The OPA is currently in a consultation process with stakeholders to receive feedback regarding the proposed competitive bidding process. This new process is currently under development by the OPA, however, there is no set timeline regarding when the RFP process is to be implemented. The OPA will be providing the Minister with interim recommendations by September 1, 2013 and additional engagement activities are expected in fall 2013.
The OPA will continue to procure renewable energy capacity through the microFIT program (10 kilowatts or less). The new microFIT application window is expected to open shortly for the remainder of 2013, which has a procurement target of 30 megawatts. Following this, the next application window will begin in 2014, with a procurement target of 50 megawatts.
In the interim, though little noticed by the media, Ontario has managed to reach a cost-effective accommodation with the numerous grid-capacity constrained microFIT projects which were unable to connect to the Hydro One grid for technical reasons.
The OPA will continue to procure renewable energy capacity through the Small FIT program (500 kilowatts or less), but will now include a priority system whereby municipalities and public sector entities will be provided with incentives such as priority points during the application process.
The upcoming application window for Small FIT projects is expected sometime in the fall of 2013, which has a procurement target of 70 megawatts. The new Directive states that beginning in 2014, the OPA will prepare annual schedules of planned Small FIT application windows which will be published in January of each year.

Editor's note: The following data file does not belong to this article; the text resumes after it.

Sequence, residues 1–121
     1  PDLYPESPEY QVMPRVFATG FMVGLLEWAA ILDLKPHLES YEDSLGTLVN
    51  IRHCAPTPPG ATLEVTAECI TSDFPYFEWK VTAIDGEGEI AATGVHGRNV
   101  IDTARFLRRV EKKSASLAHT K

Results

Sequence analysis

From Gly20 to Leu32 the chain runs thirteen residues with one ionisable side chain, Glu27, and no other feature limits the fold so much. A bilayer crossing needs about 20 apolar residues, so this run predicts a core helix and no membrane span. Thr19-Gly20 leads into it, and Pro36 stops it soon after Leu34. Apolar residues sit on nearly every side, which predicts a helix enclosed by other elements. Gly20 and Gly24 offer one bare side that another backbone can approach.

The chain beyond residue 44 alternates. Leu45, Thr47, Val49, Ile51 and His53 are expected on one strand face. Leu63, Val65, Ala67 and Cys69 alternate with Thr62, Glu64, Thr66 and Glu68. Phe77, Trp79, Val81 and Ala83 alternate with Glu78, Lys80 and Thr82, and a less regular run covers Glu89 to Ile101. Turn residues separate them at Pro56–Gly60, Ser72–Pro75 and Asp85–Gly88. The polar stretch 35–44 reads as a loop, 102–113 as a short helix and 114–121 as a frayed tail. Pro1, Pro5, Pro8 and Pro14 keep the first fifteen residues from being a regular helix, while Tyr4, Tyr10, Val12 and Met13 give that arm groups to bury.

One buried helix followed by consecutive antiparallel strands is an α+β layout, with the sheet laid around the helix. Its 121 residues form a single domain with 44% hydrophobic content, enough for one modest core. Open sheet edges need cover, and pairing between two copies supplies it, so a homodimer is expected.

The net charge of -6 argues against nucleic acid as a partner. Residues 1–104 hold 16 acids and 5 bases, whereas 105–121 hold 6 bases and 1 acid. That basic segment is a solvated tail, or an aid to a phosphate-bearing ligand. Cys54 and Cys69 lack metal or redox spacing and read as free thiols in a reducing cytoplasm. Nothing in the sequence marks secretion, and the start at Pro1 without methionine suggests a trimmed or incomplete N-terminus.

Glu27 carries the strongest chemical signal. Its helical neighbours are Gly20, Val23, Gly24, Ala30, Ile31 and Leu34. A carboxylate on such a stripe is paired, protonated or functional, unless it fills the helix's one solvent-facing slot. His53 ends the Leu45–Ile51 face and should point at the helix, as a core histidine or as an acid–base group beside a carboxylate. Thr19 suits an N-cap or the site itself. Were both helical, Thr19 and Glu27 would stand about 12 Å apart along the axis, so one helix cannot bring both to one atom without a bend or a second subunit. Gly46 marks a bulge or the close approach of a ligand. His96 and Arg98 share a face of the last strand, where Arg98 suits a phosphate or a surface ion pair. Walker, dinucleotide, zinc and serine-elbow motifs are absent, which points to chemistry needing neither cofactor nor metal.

REA Changes for Large Projects
In contrast to the recent details on FIT domestic content and pricing, there are now two sources of uncertainty for proponents of large renewable energy projects.
The first uncertainty arises from a process initiated pursuant to the June Directive. This Directive tasked the OPA with developing a new procurement process for large renewable energy projects that “takes into account local needs and considerations before contracts are offered”. This task resulted in the OPA hosting an August 7th webinar, conducting meetings during the week of August 12th, and soliciting comments up to August 21st. These dates are input to the OPA providing the Minister with recommendations by September 1st. The only outcome offered publicly on this process is that it is “expected” that additional “engagement activities” will occur this fall.
But the OPA process is not the only uncertainty facing REA proponents. On July 3rd, the Ontario Environmental Review Tribunal released the landmark decision regarding the proposed Ostrander Point wind development, revoking the Director’s REA (See: An Ontario First, Tribunal Revokes Wind Farm Approval). On August 1st, both the REA applicant and the REA Director at the Ministry of the Environment issued notices of appeal to Ontario’s Divisional Court to have the Tribunal decision set aside and the REA confirmed. The central issue in the appeal is regulatory authority over endangered species: how does the authority of the Tribunal under the REA statutory appeal co-exist with the authority of the Minister of Natural Resources to issue permits under the Endangered Species Act, 2007? Right now, proponents facing endangered species issues are subject to a two-part process whereby an ESA permit is necessary but not sufficient to address such issues.